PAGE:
Same thing with your reps or governor. If you make a phone call, you’ll get some disinterested assistant who says, “Okay, I’ll tell him/her”. Write an email or letter and you’ll get a form letter/note in return that addresses none of your concerns, other than "thank you for your interest in blah blah blah, and then goes on to blather about how wonderful they are in government. I have tried, over the years, for all sorts of things. It’s exactly the same as dealing “customer service” at many companies. A patronizing note telling you how much they love serving you but never actually serving you.


#11

You can’t sign a petition anonymously. That’s kind of the point of a petition.


#12

I didn’t say I wanted to be anonymous. I said I’m not comfortable registering. On one level, I don’t trust them with my information (e.g. core reason for this petition). But there is a more fundamental problem.

It’s seems wrong to have to register in order to exercise my right to petition the government. Why should there be any precondition to me petitioning the government? And who determines what those preconditions are? What if they decide to make those preconditions onerous?

The right to petition anonymously is consistent with the ability to petition. A petition is a request for redress. Often for wrongs committed by the government. How can one comfortably ask for redress if one also fears personal retribution for petitioning? The only way is to do it is anonymously.


#13

In principle, yes. In reality? They can already find out who you are whether you register or not. And how would they keep somebody like me from ginning up a script to sign their petition 100,000 times?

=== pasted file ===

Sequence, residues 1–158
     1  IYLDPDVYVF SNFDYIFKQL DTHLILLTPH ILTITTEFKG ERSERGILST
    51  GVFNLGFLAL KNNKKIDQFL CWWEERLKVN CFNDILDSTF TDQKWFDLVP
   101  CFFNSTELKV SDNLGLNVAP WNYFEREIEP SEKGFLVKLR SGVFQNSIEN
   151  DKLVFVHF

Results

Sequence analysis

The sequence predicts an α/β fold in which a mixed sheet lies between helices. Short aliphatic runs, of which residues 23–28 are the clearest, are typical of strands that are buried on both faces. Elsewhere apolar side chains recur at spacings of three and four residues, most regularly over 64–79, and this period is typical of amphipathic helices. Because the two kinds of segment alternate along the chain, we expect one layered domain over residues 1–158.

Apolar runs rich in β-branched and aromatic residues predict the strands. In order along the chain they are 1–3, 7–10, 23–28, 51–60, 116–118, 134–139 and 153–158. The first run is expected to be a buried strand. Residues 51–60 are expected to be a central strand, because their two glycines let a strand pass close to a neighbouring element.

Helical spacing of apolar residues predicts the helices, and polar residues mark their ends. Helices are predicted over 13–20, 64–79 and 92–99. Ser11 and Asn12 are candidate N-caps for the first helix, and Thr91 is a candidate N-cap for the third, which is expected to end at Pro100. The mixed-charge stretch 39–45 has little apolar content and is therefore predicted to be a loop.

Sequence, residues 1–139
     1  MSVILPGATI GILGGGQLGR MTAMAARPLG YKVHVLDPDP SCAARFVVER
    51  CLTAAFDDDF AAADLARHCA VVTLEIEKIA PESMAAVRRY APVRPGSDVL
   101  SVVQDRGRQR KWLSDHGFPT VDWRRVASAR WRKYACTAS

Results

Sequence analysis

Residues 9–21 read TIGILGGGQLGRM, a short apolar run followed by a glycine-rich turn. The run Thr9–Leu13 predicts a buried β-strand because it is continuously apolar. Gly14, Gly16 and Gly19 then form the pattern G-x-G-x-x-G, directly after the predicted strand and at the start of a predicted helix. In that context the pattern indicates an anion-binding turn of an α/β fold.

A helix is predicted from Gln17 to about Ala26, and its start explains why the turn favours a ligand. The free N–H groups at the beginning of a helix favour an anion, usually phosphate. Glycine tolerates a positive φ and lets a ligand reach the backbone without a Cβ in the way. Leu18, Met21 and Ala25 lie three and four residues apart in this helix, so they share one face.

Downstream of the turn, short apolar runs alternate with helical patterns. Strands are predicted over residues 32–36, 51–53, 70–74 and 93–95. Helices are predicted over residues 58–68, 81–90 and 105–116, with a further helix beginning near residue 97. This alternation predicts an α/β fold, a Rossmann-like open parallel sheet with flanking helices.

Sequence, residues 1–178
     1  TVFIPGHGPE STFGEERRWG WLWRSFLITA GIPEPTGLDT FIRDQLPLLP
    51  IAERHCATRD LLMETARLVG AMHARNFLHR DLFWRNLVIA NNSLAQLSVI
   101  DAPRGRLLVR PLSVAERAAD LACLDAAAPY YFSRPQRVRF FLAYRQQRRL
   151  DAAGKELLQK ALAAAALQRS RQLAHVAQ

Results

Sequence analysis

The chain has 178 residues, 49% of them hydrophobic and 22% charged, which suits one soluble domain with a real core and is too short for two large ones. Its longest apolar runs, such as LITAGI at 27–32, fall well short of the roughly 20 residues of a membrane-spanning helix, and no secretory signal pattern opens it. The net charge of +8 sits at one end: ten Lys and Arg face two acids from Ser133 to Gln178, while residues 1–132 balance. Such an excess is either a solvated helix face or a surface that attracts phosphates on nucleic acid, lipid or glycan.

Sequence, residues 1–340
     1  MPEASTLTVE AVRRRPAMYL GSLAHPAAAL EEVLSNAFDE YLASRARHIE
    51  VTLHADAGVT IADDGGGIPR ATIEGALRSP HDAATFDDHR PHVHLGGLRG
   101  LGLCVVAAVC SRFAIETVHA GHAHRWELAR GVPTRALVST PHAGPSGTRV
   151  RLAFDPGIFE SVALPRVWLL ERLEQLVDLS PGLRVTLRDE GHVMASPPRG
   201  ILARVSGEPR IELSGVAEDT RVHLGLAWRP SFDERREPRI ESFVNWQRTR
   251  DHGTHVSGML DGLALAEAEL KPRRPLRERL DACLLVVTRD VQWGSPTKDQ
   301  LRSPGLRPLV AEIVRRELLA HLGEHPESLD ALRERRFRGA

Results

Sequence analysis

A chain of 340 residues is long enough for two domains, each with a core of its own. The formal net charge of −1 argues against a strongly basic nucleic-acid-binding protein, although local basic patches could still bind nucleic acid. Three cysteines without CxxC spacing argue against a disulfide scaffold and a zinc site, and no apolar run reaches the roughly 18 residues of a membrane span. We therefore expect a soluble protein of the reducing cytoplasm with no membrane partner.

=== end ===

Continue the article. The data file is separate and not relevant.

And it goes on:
Who am I? I could be anybody. Maybe I’m Angela Merkel, looking for some public get-even. Maybe I’m DiFi, and my petition will say how we just LOVE all those NSA colonics for make us feel so warm and safe from terrorists and all. Maybe I’m Chelsea Manning’s mom.

You don’t have to tell anybody how you voted, either - but you do have to register first. So at best, you could justify it that way. Hell - make up a name, if you want. Doubt it’ll change anything.


#14

I submit to your logic and will now meekly do as I am told.

Wait, no I don’t.

You seem to assume that only registering with a government web site allows you to sign a petition. I reject that.

You seem to assume that anonymity is impossible. I reject that.

Your analogy to voting is good, but flawed. The act of registering is not tied to what you vote. You register, but can vote anonymously. In this instance, your registration and your petition signature are linked. This is not a requirement, as demonstrated by the voting procedure.


#15

I’m not here to argue it with you. I’ll stand with my own logic - but the practical problem at hand appears to be how you can join this effort without compromising your position on anonymity, The only answer is to lie, then. I can’t argue against that under the circumstances, and personally, I don’t even feel we owe them anything better at this point. It would be like saying it’s wrong not to reveal your watch to a mugger just because he demanded all your goods. If you thought you were going to find a smooth or easy path to fighting these guys I’d have to think you were an idiot (and I don’t think that).


#16

Cory, you and BB and EFF need us established global warming skeptics (Ph.D. in carbon chemistry from Columbia) and former developer of a GUI (with stealth header stripping) for PGP back in 93/94 more than we need you. I’d normally be happy to inform the ~30K regular readers of the main skeptical blog WattsUpWithThat.com of this petition, using my street credibility there, but screw it, you are the enemy now, since the BB science editor wrote a book on energy policy that is invested in now twenty year stagnant Global Warming. You divided the libertarians, you did, Cory, so go fish. Your blog is already going down as a partisan laughing stock. Nerds figured it out long ago. Geeks didn’t. They’re busy playing with children’s toys, thanks to BB.


How the TPP will gut environmental protection
#17